Before the milonga I watched the classes--one beginner and one intermediate/advanced proceeding concurrently--and it occurred to me that there seemed to be a noticeable gap between them. That is, the beginner class seemed to cater to absolute newbies, while the intermediate/advanced class catered to people who should have pretty solid basic technique. But in the i/a class there wasn't really anybody who was at the level at which I think the instructors intended when they created their lesson plan. They began with a simple warm up where the leaders were to exercise their back ochos--not leading the ocho but performing it themselves. But when they commenced I couldn't see anyone who could do it properly. This isn't really all that surprising since in action it is pretty rare for leaders to do back ochos. But it is such a basic element of the dance that the technique should be present regardless. And this is where the gap in level seems to be. Many (not all) of the people taking the i/a class were clearly beyond what was happening in the beginner class and it is understandable that they would want to study something more challenging and unfamiliar to broaden their realm of possibility. Yet it takes time to really solidify even those primary concepts that are introduced during our initiation into tango.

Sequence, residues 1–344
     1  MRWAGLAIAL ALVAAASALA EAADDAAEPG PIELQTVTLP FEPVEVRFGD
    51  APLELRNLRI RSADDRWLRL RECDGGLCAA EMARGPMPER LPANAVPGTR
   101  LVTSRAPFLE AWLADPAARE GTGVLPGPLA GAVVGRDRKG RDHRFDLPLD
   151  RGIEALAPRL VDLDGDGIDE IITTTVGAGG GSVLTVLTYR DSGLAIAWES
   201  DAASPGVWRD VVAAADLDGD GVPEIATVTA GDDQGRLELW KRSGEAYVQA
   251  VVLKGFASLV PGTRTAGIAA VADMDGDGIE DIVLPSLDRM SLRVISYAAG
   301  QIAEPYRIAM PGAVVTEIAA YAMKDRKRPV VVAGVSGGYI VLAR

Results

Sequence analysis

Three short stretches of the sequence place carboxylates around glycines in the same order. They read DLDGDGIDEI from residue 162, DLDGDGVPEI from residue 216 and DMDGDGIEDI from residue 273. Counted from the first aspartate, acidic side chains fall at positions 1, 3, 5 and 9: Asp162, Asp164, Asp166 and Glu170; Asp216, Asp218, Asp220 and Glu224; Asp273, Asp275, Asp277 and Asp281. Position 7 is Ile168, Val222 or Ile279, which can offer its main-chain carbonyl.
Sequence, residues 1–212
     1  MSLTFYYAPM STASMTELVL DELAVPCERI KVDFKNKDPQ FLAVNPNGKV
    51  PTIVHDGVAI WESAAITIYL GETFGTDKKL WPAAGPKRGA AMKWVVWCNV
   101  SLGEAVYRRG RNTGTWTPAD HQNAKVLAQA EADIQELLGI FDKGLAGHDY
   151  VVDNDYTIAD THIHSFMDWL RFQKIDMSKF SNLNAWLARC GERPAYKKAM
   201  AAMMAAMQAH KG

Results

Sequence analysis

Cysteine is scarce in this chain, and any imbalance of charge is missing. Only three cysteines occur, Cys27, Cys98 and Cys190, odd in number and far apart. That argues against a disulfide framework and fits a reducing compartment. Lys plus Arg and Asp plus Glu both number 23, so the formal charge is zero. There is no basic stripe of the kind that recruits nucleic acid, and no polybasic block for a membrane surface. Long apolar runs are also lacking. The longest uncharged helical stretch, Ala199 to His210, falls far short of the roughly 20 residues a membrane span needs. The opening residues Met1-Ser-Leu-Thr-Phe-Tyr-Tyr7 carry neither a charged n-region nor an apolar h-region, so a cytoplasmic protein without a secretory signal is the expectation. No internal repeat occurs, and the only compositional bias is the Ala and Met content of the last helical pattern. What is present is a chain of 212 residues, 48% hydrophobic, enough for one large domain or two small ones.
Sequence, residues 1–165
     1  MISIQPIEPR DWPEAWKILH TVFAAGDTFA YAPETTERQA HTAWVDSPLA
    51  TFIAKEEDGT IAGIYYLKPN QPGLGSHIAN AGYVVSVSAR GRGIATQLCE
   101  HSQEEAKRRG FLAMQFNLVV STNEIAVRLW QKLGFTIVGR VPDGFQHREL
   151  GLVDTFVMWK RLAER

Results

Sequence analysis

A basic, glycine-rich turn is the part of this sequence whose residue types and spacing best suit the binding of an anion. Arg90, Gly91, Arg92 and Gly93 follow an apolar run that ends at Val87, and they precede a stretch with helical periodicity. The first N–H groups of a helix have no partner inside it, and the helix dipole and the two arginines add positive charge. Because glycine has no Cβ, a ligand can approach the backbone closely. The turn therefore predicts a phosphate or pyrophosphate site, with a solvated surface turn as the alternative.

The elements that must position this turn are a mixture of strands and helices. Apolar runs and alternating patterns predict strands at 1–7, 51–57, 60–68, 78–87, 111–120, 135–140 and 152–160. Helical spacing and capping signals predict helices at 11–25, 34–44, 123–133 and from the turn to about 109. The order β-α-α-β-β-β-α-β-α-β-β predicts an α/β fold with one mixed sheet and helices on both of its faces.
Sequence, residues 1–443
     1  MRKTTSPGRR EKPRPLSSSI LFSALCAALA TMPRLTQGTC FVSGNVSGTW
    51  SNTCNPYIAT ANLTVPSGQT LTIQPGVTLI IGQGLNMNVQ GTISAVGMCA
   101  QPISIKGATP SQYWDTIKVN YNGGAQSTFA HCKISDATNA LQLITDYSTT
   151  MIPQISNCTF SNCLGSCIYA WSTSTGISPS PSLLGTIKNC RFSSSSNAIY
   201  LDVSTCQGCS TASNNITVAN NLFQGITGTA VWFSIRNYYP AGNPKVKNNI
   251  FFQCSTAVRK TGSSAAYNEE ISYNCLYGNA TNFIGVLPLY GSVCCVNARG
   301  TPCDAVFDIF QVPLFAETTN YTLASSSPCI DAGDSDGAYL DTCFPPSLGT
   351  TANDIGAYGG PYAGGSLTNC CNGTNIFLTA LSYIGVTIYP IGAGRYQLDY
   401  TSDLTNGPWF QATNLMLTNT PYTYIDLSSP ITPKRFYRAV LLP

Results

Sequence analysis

I think this is an issue that I often see in classes here. Maybe it's because the classes tend to be too short in duration, but what seems to get neglected is some significant time to work solely on technical exercises. In many classes I see instructors allowing a brief warm up--usually consisting of a free dance for one song--and then immediately begin with the class topic. In Argentina I felt there was a lot more focus on technique, especially during the warm up, and what I have observed in other dances it is the same thing--particularly in classic dances, like ballet. Now, I don't have a beef with people who are casual dancers and aren't interested in investing the time and work into bringing their tango to a certain level. As a dance of the people I welcome those who are just looking to have a good time. These people are really the meat of the community. But for those who have higher aspirations it needs to be made clear that this is not a dance you can take for granted and think you can achieve success. Tango is d i f f i c u l t. Even for people who have danced their whole lives. And there are no shortcuts. Progress takes time and a lot of hard work, some of it tedious and frustrating and potentially painful physically, mentally, and emotionally. But this is what all the dancers we admire have gone through. To think you can get there without the same kind of struggle is basically to dis those who have worked so hard to get to where they are.